We are each called to serve others, whether we’re blessed with wealth, power, and influence, or have nothing. God asks us to serve others where we are, in everything we do.
Above all, love each other deeply, because love covers over a multitude of sins. Offer hospitality to one another without grumbling. Each of you should use whatever gift you have received to serve others, as faithful stewards of God’s grace in its various forms.1 Peter 4:8-10 (NIV)
How to Practice Service
- Help an elderly neighbor with chores or home improvement. Mow the yard or put out the trash each week, offer to help with some weekend fix-it projects, offer to pick up groceries while you’re out.
- Volunteer with your local Habitat for Humanity and help build houses.
- Help serve meals at a local soup kitchen.
- Spend a Saturday helping sort goods at a food pantry or clothing donation center.
- Join a mission trip with your church.
Spiritual Discipline of Fellowship
While we’re called to go out and serve, we’re also called to connect and go deep with other believers. Cultivating Christian community is critical to stay connected to the church and to help support each other in this spiritual journey.
We are not meant to live this life alone. The Christian life is one of being with one another. Fellowship is developing those relationships so you can learn from each other, support each other, serve each other, and celebrate with each other. It’s finding other Christians to ‘do life’ with.
God made each of us to be unique and have different gifts and strengths. One person cannot do it all on their own.
The way God designed our bodies is a model for understanding our lives together as a church: every part dependent on every other part, the parts we mention and the parts we don’t, the parts we see and the parts we don’t. If one part hurts, every other part is involved in the hurt, and in the healing. If one part flourishes, every other part enters into the exuberance.1 Corinthians 12:25-26 (The Message)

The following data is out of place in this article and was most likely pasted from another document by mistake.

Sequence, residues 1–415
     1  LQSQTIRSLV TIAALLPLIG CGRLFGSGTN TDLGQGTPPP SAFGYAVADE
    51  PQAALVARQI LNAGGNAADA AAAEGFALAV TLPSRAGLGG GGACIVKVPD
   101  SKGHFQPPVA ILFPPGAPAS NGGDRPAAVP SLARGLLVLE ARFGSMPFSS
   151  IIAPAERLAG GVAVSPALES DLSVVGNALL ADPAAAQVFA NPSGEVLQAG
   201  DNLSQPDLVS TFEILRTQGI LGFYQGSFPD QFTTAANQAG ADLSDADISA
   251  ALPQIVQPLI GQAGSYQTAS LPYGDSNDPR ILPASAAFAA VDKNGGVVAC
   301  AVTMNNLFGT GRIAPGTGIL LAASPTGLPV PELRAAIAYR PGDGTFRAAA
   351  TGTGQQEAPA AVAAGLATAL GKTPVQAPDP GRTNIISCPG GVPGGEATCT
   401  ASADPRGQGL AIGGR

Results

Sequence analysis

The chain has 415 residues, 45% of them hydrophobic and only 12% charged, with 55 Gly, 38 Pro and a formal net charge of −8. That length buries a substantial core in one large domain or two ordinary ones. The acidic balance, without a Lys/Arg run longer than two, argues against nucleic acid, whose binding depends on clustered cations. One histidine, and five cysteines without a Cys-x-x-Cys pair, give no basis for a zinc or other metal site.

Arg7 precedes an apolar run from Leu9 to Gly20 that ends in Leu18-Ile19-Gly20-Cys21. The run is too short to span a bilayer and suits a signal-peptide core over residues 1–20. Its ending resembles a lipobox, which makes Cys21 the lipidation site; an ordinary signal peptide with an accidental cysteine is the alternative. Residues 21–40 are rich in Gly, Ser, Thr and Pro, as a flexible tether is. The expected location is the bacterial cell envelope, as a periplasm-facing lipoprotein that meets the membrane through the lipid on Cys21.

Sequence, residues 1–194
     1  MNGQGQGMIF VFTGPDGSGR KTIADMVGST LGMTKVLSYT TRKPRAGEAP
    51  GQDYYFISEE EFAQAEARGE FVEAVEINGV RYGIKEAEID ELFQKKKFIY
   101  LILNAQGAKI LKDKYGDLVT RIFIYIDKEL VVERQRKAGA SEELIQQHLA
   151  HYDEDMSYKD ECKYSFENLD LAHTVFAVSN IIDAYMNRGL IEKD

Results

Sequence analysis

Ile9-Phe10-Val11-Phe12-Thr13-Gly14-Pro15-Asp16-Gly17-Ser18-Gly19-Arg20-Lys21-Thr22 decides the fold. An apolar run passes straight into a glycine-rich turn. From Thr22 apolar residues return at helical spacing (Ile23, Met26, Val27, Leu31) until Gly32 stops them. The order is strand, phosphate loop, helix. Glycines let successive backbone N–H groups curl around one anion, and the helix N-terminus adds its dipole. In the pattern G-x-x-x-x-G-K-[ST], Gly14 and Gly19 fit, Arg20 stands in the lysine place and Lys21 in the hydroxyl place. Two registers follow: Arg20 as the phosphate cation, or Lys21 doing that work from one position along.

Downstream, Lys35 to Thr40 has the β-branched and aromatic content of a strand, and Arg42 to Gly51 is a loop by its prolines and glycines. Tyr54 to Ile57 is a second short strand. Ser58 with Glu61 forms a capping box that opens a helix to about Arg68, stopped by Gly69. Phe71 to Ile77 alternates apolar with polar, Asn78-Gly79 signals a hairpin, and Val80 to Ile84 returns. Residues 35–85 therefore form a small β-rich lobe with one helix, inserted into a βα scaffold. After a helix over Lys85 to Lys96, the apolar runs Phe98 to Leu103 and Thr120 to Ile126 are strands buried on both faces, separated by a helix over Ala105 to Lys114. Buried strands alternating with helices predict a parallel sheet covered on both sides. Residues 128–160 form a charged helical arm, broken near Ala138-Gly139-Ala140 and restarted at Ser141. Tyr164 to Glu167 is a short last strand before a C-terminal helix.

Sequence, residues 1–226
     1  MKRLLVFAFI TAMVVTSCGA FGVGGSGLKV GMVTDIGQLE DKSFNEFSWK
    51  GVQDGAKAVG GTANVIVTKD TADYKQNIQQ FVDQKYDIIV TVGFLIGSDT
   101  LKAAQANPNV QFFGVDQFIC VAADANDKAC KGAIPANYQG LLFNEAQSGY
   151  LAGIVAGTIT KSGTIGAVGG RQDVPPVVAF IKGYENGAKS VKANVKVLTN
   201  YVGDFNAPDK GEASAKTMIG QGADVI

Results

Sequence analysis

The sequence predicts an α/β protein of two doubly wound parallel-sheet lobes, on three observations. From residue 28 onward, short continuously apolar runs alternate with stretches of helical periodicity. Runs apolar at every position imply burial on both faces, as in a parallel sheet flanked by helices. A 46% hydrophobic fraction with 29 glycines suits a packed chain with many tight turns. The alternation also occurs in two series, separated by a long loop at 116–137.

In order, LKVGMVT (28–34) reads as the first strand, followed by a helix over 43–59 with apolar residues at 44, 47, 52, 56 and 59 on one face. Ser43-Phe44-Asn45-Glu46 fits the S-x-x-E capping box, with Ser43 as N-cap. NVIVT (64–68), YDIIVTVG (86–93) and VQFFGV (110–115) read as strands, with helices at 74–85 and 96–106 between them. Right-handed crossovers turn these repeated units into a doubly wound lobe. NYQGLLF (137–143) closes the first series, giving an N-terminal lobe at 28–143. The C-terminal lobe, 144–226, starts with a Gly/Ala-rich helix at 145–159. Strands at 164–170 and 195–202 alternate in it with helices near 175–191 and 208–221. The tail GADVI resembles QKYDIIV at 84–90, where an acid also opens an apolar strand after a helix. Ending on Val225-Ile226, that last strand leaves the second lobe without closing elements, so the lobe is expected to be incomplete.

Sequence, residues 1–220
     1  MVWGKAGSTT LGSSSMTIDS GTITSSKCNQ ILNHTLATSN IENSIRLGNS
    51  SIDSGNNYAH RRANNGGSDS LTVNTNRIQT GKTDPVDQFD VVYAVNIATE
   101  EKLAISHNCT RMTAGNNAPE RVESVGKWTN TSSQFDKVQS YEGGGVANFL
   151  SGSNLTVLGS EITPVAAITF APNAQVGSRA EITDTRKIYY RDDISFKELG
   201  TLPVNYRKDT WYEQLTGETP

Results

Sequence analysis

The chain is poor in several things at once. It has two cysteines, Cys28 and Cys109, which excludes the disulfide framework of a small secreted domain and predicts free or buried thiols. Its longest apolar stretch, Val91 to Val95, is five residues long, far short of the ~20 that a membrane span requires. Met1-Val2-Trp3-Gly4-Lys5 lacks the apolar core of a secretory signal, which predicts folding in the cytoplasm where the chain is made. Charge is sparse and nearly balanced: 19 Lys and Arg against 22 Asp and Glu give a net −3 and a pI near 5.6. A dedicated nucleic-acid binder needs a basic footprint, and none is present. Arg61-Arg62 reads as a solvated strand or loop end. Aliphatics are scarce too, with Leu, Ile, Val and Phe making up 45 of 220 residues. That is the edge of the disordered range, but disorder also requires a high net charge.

Cultivate Christian fellowship in your life. Join a Bible study or small group. Meet regularly with a prayer partner. Join a mission team and serve together at home or abroad. Look for other ways to get involved at your church.
How to Practice Fellowship
- Join a small group through your church. Get to know other believers in a smaller, more intimate setting than a church service.
- Look for opportunities to serve at your church and develop friendships with others serving in the same ministry.
- Find a prayer partner and meet regularly to pray together.
- Seek out someone further along the spiritual journey who can provide some guidance and direction. This may be a teacher, pastor, spiritual director, or friend who models faith. Ask if they would be willing to disciple you. Meet regularly for spiritual growth and guidance, and to provide accountability in this journey.
How Will You Share Your Life With Others?
How are you doing life together with other believers? How will you step into the spiritual disciplines of sharing your life with others through hospitality, serving, and fellowship?
Do you feel disconnected from the church? Do you find yourself trying to do life on your own? Plug in somewhere. Find a group, a study, or a service opportunity at your church to join.
Do you shy away from inviting others into your home? Do you feel ill-equipped at hosting? Take a step and issue an invitation. Open your heart and your home to others, even in its imperfect state.
How are you being the hands and feet of Jesus? Who can you help in your neighborhood, your community, your church? Incorporate service into your life. Make it a family affair and get the kids involved, too.
Learn more about Spiritual Disciplines:
Interested in learning more about spiritual disciplines? Want to find another one that may be a better fit for you right now? Click here for more spiritual disciplines and how to use them to grow your faith. Also, below are some books I highly recommend on the spiritual disciplines. (These are affiliate links.)